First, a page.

www.DukeEmployees.com - Duke Energy Employee Advocate
Legal - Page 22
and could never have existed if labor had not first existed. Labor is the superior
of capital, and deserves much the higher consideration." – Abraham Lincoln
Kangaroo CourtEmployee Advocate – www.DukeEmployees.com – April 28, 2004
It all started when two Texas oil men came to Washington. They received a ticket to the White House, courtesy of the Supreme Court. Justice Antonin Scalia, who was appointed by Ronald Reagan, did his part to send G. W. Bush and Dick Cheney on their way to their greatest adventure of all.
Ken Lay, then CEO of Enron, was so chummy with G. W. Bush that he furnished jets for the Bush presidential Campaign. Would people with such ties to the energy industry show any favoritism to that sector? It’s possible. When the California energy crises erupted, Bush looked the other way.
Then there were the infamous Cheney energy task force meetings. These meetings were very secret. One thing is known about them. Absolutely no environmental groups were invited to them. That seemed to be a little one sided for a group that was to recommend energy policy.
Then the wording that ended up in the energy bill was very similar to the demands made by energy executives. Charges were made that the Bush administration excluded environmental groups and bowed to the wishes of its energy pals and Campaign donors.
The excluded groups requested information about the meetings. The General Accounting Office (GAO) requested the same information. All requests were denied. Cheney intended to keep the whole affair hidden from everyone.
In an unprecedented move, the GAO sued Cheney for the documents. Environmental groups also sued Cheney for information. Cheney has not complied with lower court orders to provide the documents. He appealed to the Supreme Court to save him from having to come clean and provide the requested information.
Supreme Court Justice Antonin Scalia left himself wide open for criticism when he accepted favors from V. P. Dick Cheney. He did this shortly before the Cheney case was to come before the Supreme Court.
This was an inept move, but only one of many. Justice Scalia then refused repeated requests for him to recuse himself from the case. It was only natural that his motives for staying on the case be questioned.
The Supreme Court heard the case on Tuesday. According to the Associated Press (AP), the comments of Justice Scalia favored Dick Cheney.
AP reported: “Raising the gravest concerns about unnecessary snooping into the executive branch was Justice Antonin Scalia, who stayed in the case despite conflict-of-interest questions relating to his friendship with Cheney.”
Could this turn of events have possibly been any more predicable?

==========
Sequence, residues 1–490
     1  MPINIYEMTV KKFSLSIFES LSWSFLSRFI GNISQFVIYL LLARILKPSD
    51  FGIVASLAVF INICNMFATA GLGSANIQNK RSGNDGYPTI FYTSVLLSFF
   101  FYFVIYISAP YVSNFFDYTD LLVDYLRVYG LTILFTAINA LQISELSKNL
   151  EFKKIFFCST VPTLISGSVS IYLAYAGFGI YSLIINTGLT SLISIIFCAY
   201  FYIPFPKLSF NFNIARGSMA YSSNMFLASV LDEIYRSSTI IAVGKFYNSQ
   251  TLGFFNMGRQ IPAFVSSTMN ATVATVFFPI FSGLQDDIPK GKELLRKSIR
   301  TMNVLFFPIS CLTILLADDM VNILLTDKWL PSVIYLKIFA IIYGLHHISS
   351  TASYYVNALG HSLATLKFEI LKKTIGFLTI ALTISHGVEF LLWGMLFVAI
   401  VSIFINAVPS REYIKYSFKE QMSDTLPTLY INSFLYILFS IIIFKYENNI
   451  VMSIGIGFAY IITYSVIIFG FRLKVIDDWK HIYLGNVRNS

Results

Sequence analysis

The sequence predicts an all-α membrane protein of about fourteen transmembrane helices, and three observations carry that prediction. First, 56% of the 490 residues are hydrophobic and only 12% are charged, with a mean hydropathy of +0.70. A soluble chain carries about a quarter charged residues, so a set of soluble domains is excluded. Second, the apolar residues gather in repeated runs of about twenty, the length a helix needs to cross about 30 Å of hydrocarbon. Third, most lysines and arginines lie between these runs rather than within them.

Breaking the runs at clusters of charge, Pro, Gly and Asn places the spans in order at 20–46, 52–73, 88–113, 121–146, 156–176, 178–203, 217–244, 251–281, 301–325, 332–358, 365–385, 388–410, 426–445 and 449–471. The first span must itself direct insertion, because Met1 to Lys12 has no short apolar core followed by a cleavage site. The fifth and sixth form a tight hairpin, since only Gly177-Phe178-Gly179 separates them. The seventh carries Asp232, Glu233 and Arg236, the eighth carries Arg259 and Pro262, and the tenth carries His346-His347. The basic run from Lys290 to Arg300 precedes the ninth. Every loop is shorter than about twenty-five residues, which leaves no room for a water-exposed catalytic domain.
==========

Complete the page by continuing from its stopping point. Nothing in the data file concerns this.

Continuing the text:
Meanwhile, the energy bill is such a giveaway program for the energy industry that Congress has refused to pass it. The Republicans continue to cut out a little pork here and there and bringing the bill back. But the bill still smells. Congress should let the horrible energy bill die. Let the new Congress come up with a real energy bill. This one is hopelessly flawed.
Cheney Versus U.S. District CourtEmployee Advocate – www.DukeEmployees.com – April 26, 2004
Tomorrow, the Supreme Court will hear Cheney v. U.S. District Court, 03-475, according to the Associate Press. V. P. Cheney will get to explain why the public should be left in the dark about the energy task force. All lower courts have ruled against Cheney. He was ordered to make the energy information public two years ago. But Cheney has refused to disclose all the documents.
Anne Gearan writes that both sides agree that the case has more to do with politics than law. G. W. Bush always claims that the world will end if he cannot keep everything a secret from the American public. But legal experts do not think this case will have a lot of bearing on the issue of executive privilege.
Lawyer Doug Kendall said "The administration posture here has been incredibly bad politically. It is unseemly for the administration to have tried to create national energy policy by listening almost exclusively to energy industry executives. It would have been a two-day story if the administration simply had provided the information."
No one has filed a friend-of-the-court brief supporting the administration.
The plot thickened when Supreme Court Justice Antonin Scalia refused to recuse himself from the case. He went on a hunting trip with defendant Cheney, shortly after the high court agreed to hear Cheney's appeal. Justice Scalia has been asked to step aside in this case by legal experts, newspapers, and even the Supreme Court. He had refused all requests.
This is not the first time that Justice Scalia has refused to recuse himself from cases that he was a little too involved in. His latest refusal bring back memories of the Florida vote recount in 2000. Justice Scalia had two sons who were lawyers at law firms working for Bush. Also, the wife of Justice Clarence Thomas was recruiting possible candidates for the Bush administration. Both justices failed to recuse themselves.
The Florida Supreme Court had ruled that the recounts could continue. The U. S. Supreme Court overturned this decision by a vote of 5 to 4. Both of the justices, with ties to Bush, voted to overturn the decision of the Florida Supreme Court. That ruling gave G. W. Bush the key to the White House; votes by the public did not matter.
Bush was selected to occupy the White House. He later elected to occupy Iraq.
401(k) Lawsuit Against KmartEmployee Advocate – www.DukeEmployees.com – April 18, 2004
The Associated Press reported that an employee lawsuit against former Kmart executives may obtain class-action certification. Workers charge that they lost millions of dollars in retirement benefits when the company declared bankruptcy in 2002.
Former CEO Charles Conaway, chief administrative officer/executive vice president David Rots, former chairman/CEO James Adamson, other former executives and directors were sued in 2002 for defrauding and misleading employees about the financial condition of Kmart.